or bass fisherman the Carolina rig is a great
technique to employ when targeting bass
that are relating to off shore structure.
Notice how I didn’t include the word deep water. The Carolina rig when modified can be used
to target shallow water structure that is off the
bank as well.
Besides being able to cover a vast amount of
water in a short amount of time and target bass that
are holding off shore, the C-rig, as it is commonly
referred to, is also a great way to determine what the
bottom content is and what structure is available on
Some forms of the offshore structure that a
C-rig shines around are underwater humps, laydowns
or stumps on river ledges, underwater points and
contour breaks. Over the past several seasons, I have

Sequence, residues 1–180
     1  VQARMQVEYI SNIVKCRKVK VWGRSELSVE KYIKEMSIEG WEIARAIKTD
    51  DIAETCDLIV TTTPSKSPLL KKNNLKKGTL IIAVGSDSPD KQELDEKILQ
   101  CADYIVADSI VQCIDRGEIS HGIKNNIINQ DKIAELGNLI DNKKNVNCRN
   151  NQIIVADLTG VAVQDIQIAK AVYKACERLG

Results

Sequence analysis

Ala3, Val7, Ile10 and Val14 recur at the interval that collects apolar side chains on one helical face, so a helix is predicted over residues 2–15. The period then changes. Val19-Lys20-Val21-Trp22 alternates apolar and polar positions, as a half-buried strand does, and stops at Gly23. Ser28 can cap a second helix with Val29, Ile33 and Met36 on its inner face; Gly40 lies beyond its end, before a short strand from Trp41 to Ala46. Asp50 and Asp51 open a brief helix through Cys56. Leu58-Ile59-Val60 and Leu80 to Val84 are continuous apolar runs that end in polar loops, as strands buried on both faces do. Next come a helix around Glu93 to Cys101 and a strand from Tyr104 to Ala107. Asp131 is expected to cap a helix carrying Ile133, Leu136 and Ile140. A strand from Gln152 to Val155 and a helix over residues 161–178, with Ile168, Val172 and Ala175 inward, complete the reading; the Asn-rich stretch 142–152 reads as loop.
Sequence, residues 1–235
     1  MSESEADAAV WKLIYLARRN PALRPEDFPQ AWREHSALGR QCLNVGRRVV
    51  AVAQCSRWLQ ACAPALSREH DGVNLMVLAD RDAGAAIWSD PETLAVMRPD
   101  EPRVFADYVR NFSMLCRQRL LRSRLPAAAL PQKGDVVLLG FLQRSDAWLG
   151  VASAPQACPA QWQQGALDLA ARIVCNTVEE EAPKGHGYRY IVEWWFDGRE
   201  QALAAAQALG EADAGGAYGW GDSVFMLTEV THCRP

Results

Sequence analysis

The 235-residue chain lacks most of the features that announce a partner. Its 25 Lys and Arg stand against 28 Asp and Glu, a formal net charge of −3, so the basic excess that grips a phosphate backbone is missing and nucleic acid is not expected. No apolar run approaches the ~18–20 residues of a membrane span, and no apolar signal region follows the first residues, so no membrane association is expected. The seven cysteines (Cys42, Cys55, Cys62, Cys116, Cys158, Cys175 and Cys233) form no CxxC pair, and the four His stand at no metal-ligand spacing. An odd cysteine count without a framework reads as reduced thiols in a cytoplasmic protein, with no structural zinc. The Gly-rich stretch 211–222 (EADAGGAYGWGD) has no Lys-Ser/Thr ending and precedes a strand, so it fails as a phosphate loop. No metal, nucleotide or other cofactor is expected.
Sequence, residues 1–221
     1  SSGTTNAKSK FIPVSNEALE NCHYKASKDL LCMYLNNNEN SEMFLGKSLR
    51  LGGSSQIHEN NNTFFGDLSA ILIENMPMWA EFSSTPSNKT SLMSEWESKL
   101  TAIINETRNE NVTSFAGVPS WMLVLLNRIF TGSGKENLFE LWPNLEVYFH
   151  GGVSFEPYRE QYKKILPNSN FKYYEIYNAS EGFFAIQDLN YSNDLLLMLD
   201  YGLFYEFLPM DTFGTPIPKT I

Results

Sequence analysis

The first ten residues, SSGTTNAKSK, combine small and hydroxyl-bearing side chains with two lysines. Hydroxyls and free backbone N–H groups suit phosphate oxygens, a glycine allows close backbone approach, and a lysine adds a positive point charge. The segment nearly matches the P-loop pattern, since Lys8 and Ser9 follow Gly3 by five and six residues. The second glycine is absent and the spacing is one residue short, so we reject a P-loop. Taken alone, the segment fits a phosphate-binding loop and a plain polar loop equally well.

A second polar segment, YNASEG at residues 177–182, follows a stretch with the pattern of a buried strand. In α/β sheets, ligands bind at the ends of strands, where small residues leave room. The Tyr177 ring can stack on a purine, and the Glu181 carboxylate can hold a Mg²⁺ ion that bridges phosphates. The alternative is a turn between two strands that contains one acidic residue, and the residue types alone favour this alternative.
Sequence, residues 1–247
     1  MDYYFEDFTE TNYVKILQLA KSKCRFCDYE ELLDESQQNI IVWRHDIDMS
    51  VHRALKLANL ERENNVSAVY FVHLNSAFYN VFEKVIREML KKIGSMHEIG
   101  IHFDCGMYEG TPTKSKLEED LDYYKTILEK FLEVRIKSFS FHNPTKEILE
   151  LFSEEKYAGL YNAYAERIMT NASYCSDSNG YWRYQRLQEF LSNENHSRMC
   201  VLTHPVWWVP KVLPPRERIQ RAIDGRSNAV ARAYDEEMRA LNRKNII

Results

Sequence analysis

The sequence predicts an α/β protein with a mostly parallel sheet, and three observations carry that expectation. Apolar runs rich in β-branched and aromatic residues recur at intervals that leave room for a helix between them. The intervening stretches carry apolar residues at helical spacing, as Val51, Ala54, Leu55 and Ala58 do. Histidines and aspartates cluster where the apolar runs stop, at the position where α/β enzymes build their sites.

played around with this technique and employed it day
in and day out on the water and it has now become a
key part of my arsenal.
By adapting the components that make up a Carolina rig, an angler can employ this technique in numerous situations that they may see on their local body of water, whether it is a deep lake or a shallow river.
By examining each item that makes up a Carolina rig and how you can adapt, you’ll be a versatile angler on the water.
Line: For my main line, I prefer to use 15-lb Seaguar TATSU Fluorocarbon and for my leader I’ll use 12- or 15-lb test Seaguar InvizX. If I’m fishing around laydowns or stumps where my hook may get hung up frequently, I’ll go down to a 12-lb test leader as I can break just that part off and not my whole rig. The length of my leader will primarily depend on the clarity of water, for stained water I can use a leader that is 12- to 18-inches, compared to gin clear water, which will need a 24- to 36-inch leader.